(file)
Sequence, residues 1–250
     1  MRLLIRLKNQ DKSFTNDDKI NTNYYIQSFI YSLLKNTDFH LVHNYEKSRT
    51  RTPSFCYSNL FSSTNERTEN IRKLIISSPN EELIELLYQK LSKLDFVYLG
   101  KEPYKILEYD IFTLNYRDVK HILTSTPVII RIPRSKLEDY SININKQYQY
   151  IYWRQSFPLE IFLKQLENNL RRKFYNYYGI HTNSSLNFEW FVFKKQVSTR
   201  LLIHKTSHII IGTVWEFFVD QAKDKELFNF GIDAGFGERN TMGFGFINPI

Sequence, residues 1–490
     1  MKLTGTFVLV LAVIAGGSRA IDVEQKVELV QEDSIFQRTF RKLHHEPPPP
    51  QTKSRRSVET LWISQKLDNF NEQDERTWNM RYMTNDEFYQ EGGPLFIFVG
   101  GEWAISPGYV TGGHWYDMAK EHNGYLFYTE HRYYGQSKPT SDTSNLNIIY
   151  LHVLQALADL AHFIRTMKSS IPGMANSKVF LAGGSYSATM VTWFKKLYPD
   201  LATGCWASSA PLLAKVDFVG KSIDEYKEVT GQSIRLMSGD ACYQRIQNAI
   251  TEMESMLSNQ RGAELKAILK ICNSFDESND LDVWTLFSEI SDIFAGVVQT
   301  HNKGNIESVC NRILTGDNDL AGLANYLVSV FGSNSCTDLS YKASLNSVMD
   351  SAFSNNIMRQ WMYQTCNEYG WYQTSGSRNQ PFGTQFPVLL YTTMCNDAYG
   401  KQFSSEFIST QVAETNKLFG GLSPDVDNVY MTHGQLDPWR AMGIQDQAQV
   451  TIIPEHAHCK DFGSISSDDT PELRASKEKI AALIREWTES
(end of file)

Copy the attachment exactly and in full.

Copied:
Sequence, residues 1–250
     1  MRLLIRLKNQ DKSFTNDDKI NTNYYIQSFI YSLLKNTDFH LVHNYEKSRT
    51  RTPSFCYSNL FSSTNERTEN IRKLIISSPN EELIELLYQK LSKLDFVYLG
   101  KEPYKILEYD IFTLNYRDVK HILTSTPVII RIPRSKLEDY SININKQYQY
   151  IYWRQSFPLE IFLKQLENNL RRKFYNYYGI HTNSSLNFEW FVFKKQVSTR
   201  LLIHKTSHII IGTVWEFFVD QAKDKELFNF GIDAGFGERN TMGFGFINPI

Sequence, residues 1–490
     1  MKLTGTFVLV LAVIAGGSRA IDVEQKVELV QEDSIFQRTF RKLHHEPPPP
    51  QTKSRRSVET LWISQKLDNF NEQDERTWNM RYMTNDEFYQ EGGPLFIFVG
   101  GEWAISPGYV TGGHWYDMAK EHNGYLFYTE HRYYGQSKPT SDTSNLNIIY
   151  LHVLQALADL AHFIRTMKSS IPGMANSKVF LAGGSYSATM VTWFKKLYPD
   201  LATGCWASSA PLLAKVDFVG KSIDEYKEVT GQSIRLMSGD ACYQRIQNAI
   251  TEMESMLSNQ RGAELKAILK ICNSFDESND LDVWTLFSEI SDIFAGVVQT
   301  HNKGNIESVC NRILTGDNDL AGLANYLVSV FGSNSCTDLS YKASLNSVMD
   351  SAFSNNIMRQ WMYQTCNEYG WYQTSGSRNQ PFGTQFPVLL YTTMCNDAYG
   401  KQFSSEFIST QVAETNKLFG GLSPDVDNVY MTHGQLDPWR AMGIQDQAQV
   451  TIIPEHAHCK DFGSISSDDT PELRASKEKI AALIREWTES